To keep a standby server in a state where it can take over during failure (with little difference between it and
the production server), you may want to use a technique called "log shipping." Log shipping is found in SQL Server 2000 Enterprise Edition and can be set up in the SQL Server Database Maintenance Wizard and applied to a single specific database. Basically, transaction logs on your production server are backed up and then copied or shipped automatically to the standby server, followed by restoration. While using this technique, it is possible to control the time difference between your backups and restores.
You'll also need to transfer your login information so that the standby server can be made active successfully.
When a production server fails, the administrator brings a standby server online manually. The amount of time from system failure to promoting the standby server will depend on the equipment and the transactional load. To minimize the loss of data, data should be backed up, copied and then committed to the orphaned log using the NO_TRUNCATE command, if your connection to the primary server isn't lost yet and if this is still possible.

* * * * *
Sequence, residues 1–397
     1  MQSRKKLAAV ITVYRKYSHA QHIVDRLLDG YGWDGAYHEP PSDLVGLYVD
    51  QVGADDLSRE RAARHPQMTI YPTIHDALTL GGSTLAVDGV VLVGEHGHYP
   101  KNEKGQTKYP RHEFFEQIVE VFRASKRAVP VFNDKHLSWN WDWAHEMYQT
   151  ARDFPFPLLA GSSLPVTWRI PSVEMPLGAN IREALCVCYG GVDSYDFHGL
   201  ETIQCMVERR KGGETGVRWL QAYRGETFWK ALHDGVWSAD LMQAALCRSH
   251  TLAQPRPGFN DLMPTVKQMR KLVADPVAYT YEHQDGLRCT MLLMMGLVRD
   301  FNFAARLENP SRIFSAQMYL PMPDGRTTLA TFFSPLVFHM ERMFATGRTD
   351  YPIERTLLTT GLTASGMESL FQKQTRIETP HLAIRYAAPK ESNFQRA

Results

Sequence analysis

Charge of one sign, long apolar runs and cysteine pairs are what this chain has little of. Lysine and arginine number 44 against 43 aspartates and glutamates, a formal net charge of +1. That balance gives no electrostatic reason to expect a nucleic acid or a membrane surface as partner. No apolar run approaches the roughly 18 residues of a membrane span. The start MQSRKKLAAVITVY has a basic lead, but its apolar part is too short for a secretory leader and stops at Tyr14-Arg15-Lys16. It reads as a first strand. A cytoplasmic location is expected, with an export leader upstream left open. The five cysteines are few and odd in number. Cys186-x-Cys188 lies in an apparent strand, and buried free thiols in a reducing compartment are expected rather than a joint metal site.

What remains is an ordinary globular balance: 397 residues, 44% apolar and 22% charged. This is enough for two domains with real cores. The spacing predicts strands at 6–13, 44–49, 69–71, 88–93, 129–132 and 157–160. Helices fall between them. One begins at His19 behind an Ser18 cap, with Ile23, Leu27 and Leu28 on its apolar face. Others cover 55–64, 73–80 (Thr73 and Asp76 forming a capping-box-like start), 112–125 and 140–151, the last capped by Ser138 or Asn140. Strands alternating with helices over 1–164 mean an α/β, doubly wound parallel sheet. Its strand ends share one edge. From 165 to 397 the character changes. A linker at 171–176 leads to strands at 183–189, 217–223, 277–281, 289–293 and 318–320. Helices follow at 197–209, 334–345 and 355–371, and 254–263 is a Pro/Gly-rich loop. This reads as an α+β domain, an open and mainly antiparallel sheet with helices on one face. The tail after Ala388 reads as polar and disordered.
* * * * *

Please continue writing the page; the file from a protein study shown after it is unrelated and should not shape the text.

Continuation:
To learn more about failing over and synchronizing the login information, check the topic "How to set up and perform a log shipping role change" in SQL Server Books Online.
Barrie Sosinsky is president of consulting company Sosinsky and Associates (Medfield, MA). He has written extensively on a variety of computer topics.